Part of the way through the fermentation process, you’re supposed to transfer your brew from your primary fermenter into a secondary fermenter. When I first started brewing, I only had one fermenter so I skipped this step and still made perfectly tolerable beers. But now I have two secondary fermenters and a primary, so I do this transfer.
Because of this, today I’m both making a new beer (an oatmeal stout) and transferring my previous beer (a pale ale) to its secondary fermenter. Rather than pitching new yeast onto the wort for the stout, I’m just going to throw the stout onto the yeast-ridden dregs of the pale ale that are left behind in the primary fermenter. (You can do this a few times, say the brewmasters, but apparently the yeast goes awry after a while and you have to start from scratch with a fresh batch eventually.)
So first, I siphon my pale ale into the secondary fermenter, leaving the dregs behind, then I put a sterilized funnel over the primary fermenter and dump the stout wort on top of it.
In another couple of weeks I’ll be ready to bottle the pale ale. I recycle beer bottles, rinsing them after I pour, and then sterilizing them by putting them through a heated-dry cycle in the dishwasher just before bottling.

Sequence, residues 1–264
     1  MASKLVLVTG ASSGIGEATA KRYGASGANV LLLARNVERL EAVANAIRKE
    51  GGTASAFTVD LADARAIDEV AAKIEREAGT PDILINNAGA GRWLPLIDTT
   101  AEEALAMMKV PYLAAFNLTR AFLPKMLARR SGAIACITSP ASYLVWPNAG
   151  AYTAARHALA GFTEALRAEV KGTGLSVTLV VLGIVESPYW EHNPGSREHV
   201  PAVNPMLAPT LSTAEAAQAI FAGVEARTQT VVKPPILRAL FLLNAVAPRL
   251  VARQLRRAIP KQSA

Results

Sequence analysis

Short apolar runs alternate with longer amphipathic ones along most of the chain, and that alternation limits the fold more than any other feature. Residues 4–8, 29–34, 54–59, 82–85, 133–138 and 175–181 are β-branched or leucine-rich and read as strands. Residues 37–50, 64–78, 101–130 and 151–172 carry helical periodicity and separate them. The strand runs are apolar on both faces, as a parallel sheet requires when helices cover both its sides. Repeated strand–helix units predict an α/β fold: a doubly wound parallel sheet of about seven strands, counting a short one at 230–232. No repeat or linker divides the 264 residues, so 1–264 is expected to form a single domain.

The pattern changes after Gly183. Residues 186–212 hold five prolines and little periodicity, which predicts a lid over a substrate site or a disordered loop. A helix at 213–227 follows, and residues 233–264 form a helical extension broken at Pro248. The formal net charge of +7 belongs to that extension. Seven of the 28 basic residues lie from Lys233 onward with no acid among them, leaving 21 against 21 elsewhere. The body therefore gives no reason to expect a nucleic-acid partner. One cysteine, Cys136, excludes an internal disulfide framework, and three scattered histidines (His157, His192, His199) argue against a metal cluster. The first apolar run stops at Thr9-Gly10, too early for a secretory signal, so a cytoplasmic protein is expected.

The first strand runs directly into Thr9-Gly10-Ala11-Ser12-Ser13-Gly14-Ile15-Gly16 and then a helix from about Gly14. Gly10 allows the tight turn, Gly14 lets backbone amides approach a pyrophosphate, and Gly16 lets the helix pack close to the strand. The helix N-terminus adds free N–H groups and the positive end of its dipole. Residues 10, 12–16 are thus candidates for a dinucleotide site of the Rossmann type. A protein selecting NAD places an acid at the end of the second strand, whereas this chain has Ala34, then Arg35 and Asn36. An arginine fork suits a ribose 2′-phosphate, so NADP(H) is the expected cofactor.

I use a special, bottle-filling hose attachment (another inexpensive plastic necessity) to fill the bottles — maybe four dozen per batch — and then cap them using a hand-me-down stand capper. Hand-held cappers are also common. Some people prefer the self-capping Grolsch-style bottles or even the cork-and-cage champagne style caps.
Before bottling, I boil a cup of priming sugar (ordinary dextrose) in a cup of water, cool this, and mix it gently into the brew (trying to distribute it throughout without stirring up the sediment too much). This extra sugar gives the yeast a little something more to work on while the beer is in the bottles, causing enough additional fermentation to carbonate the beer.
Then, depending on the variety of beer, it’s a wait of three weeks or more before they’re ready to drink.
It isn’t rocket science, though it does take a little time and some uncommon equipment and ingredients. Later maybe I’ll illustrate how to make hard cider, the process for which is like a much simpler, stripped-down version of what I’ve shown today.